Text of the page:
Sick West Fargo boy to get treatment in GermanyEthan Radtke’s Christmas list brought his mother to tears. The 5-year-old twin, whose twisted lower limbs force him to use a walker to move around the house, asked for only two gifts: a Thomas the Tank Engine toy train and a new set of legs that work.
By: Mike Nowatzki, The Forum
WEST FARGO, N.D. — Ethan Radtke’s Christmas list brought his mother to tears.
The 5-year-old twin, whose twisted lower limbs force him to use a walker to move around the house, asked for only two gifts: a Thomas the Tank Engine toy train and a new set of legs that work.
“I’m like, gulp, how do you deliver that one?” said his mother, Lisa Radtke.
She hopes the answer is waiting in Germany.
In July, the West Fargo family will fly to Dusseldorf, where Ethan will undergo a stem cell treatment not available in the U.S.
It’s an expensive procedure and one that’s not guaranteed to work.
But Radtke and her husband, James, see it as their red-headed son’s best chance at better mobility.
“We said, ‘If we don’t do this, we’re always going to say, What if? What if it works?’” she said.
Ethan and his twin sister, Ashlee, were born seven weeks premature at 4 and 3 pounds, respectively.
Ethan had underdeveloped lungs, and his mother had extremely high blood pressure at the time.
The lack of oxygen to Ethan is believed to have contributed to the neurological damage that caused his cerebral palsy, she said.
Cerebral palsy affects two to three of every 1,000 children born in the U.S., according to the Centers for Disease Control and Prevention.
Ethan’s version of the disorder is called spastic diplegia, formerly known as Little’s disease for the English surgeon William Little, who first described how it causes stiff, spastic muscles in the legs.
Ethan used to walk with crutches, but his muscles have tightened to the point that he must use a walker or crawl.
The preschooler at West Fargo’s Lodoen Center is “very aware” of his disability and frustrated he can’t do everything other kids can do, his mother said.
But Ethan is determined not to let it limit him.
He’s adamant about not using a wheelchair, she said. This past week, he crossed the living room with his walker and tossed a tennis ball to his occupational therapist, Tressica Hasbargen. He used his fingers to dig treasure out of a wad of green putty, an exercise designed to strengthen his left hand, which tends to clench up.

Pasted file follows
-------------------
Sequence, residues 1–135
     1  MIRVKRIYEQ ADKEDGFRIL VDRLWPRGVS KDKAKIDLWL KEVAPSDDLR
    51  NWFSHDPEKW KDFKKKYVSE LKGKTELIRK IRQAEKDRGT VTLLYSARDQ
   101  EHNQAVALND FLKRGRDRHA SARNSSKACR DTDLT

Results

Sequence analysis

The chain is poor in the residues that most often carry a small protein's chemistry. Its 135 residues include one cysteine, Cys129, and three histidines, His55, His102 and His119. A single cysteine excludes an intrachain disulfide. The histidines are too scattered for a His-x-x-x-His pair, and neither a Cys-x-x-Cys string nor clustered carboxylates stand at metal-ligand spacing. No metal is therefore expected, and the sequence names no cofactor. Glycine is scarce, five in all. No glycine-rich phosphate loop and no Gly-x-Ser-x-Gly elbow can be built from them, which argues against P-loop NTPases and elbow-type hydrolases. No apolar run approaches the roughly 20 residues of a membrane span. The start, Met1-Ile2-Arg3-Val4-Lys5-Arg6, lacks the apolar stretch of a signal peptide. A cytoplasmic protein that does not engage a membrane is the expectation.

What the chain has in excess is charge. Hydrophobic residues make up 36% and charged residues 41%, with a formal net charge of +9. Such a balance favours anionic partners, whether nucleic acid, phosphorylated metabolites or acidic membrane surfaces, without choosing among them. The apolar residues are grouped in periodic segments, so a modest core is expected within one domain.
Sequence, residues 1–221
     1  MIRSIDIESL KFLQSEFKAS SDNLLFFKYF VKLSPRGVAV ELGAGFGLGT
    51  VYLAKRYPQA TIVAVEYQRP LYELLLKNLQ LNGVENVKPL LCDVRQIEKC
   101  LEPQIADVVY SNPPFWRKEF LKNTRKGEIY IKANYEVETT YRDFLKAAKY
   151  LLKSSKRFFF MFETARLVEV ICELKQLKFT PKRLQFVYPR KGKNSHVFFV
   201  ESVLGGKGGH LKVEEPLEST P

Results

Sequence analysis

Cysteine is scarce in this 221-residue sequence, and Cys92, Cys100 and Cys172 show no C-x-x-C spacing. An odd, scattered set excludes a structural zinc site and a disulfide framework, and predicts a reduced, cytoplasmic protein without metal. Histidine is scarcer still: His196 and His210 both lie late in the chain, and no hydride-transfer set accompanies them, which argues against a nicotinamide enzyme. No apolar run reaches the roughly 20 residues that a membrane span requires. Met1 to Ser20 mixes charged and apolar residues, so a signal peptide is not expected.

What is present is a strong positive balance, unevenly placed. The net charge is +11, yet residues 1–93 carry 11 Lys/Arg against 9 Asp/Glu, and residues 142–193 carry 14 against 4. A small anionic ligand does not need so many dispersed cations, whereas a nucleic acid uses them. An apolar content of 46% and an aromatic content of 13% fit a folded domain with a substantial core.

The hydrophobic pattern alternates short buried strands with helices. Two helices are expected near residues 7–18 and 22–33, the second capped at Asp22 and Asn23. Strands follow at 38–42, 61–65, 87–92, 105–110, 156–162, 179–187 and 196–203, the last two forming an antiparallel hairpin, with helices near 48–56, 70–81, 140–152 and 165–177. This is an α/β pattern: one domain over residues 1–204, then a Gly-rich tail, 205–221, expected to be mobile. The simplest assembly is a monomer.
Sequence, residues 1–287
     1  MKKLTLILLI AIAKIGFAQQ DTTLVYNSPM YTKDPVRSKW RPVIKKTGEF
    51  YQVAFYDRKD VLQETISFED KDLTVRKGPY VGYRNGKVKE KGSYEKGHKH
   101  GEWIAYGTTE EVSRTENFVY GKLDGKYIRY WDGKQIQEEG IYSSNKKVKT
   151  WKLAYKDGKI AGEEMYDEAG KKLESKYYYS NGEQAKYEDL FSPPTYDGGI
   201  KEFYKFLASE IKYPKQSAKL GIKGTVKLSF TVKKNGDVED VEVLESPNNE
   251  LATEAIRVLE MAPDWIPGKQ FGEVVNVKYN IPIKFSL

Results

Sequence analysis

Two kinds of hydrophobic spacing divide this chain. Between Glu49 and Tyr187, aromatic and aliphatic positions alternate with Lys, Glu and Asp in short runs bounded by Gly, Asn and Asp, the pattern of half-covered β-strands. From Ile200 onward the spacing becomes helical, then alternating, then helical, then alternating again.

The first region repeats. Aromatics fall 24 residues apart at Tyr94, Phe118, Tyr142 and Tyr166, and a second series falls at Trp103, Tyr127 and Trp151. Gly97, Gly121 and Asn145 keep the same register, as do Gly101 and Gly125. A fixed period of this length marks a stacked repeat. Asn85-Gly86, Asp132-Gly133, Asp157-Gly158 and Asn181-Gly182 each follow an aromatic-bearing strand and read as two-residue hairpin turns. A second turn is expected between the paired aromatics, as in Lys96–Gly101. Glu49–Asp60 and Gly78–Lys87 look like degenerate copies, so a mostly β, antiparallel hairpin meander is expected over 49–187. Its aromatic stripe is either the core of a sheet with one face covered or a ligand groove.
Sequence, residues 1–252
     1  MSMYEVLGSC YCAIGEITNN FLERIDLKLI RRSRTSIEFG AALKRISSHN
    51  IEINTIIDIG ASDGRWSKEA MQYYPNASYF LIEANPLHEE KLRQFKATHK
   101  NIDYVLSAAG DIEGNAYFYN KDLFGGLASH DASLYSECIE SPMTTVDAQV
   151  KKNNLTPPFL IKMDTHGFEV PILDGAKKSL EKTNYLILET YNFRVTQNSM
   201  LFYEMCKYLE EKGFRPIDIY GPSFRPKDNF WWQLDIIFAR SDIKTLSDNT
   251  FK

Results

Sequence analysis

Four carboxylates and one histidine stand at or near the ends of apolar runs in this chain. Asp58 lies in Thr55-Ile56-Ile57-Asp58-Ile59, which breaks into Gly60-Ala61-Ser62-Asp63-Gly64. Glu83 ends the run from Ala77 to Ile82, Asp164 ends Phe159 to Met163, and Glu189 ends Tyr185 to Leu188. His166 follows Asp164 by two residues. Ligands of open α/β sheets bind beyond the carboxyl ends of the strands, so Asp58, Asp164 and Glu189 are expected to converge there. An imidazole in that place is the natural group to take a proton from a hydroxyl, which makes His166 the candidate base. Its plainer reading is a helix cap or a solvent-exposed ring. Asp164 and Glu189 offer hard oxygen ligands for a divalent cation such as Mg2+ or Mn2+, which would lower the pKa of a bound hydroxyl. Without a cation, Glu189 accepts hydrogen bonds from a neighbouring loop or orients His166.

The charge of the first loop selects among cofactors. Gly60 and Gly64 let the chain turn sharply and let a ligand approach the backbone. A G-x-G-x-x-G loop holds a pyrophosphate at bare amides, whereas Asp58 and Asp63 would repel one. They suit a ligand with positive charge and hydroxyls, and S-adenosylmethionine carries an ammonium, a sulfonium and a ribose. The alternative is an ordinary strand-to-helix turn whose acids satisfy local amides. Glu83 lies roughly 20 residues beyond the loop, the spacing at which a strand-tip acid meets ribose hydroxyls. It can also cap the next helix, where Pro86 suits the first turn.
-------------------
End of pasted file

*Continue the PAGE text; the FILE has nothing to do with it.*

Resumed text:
“He’s such a hard worker, the most goal-oriented kid I’ve ever worked with,” Hasbargen said.
Specialists in St. Paul said Ethan would probably never walk on his own without some sort of support, his mother said.
He was scheduled for a dorsal rhizotomy, a surgery that involves severing the nerves at the base of the spinal column to calm his spastic muscles.
But the surgery would require a six-week rehab stint in the Twin Cities, followed by months of intense therapy at home, and there was the risk of Ethan being left with numbness in his legs, his mother said. With Ashlee and older brother Connor, 7, also at home, she delved into her own research.
She found Xcell-Center, a private clinic group and research institute in Dusseldorf and Cologne, Germany, that specializes in adult stem cell therapy.
“People don’t know this option’s out there,” she said. “They think of stem cells, they think of embryonic. But this is drawn right from Ethan’s own bone marrow.”
After the marrow is collected from the hip bone with a thin needle, the stem cells are processed in a lab and injected into the patient’s spinal fluid. From there, they travel to the brain, where it’s believed they replace dead cells and help injured cells recover.
The treatment sounded promising, but Radtke initially put the idea aside because of its cost about $12,000, not counting travel , which brings the total closer to $20,000.
Her inspiration to pursue the treatment came from testimonials from other parents, including Ashley Fruits, a Kansas woman she befriended in an online support group.
Fruits’ 3-year-old son, Marcus, has cerebral palsy spasticity in his legs and arms and had to use a walker.
Eight days after surgeons at Xcell-Center re-inserted his stem cells, Marcus was walking across the room without help, “just like it was natural,” Fruits said.
“It was an amazing feeling,” she said.
Dr. James Carroll, chief of pediatric neurology at the Medical College of Georgia, which has done extensive stem cell research, said parents contact him several times a day wondering if they should travel abroad for stem cell treatments.
He said he can’t recommend it one way or the other “because there just is not anything in the medical literature that says, from a clinical proof standpoint, that it works.”
Carroll said he knows of no U.S. human trials using bone marrow stem cells to treat cerebral palsy. Researchers at MCG in Augusta, Ga., are studying the process on animals, but they’re not far enough along to say whether it’s promising, he said.
Radtke said she realizes the Xcell-Center treatment isn’t a sure bet.
Of 100 Xcell-Center patients with cerebral palsy who had stem cells injected into their spinal fluid, 67 percent reported improvements. Slightly less than half reported less spasticity in, and better use of their legs and feet, and nearly 44 percent reported walking better after the procedure, according to its website.
Radtke said she’s not expecting a miracle, but she hopes the treatment will at least improve Ethan’s balance and allow him to walk with crutches again.
“He got every train that he had wanted and asked for,” she said. “But now, we’re really hoping that we can give him that second wish.”
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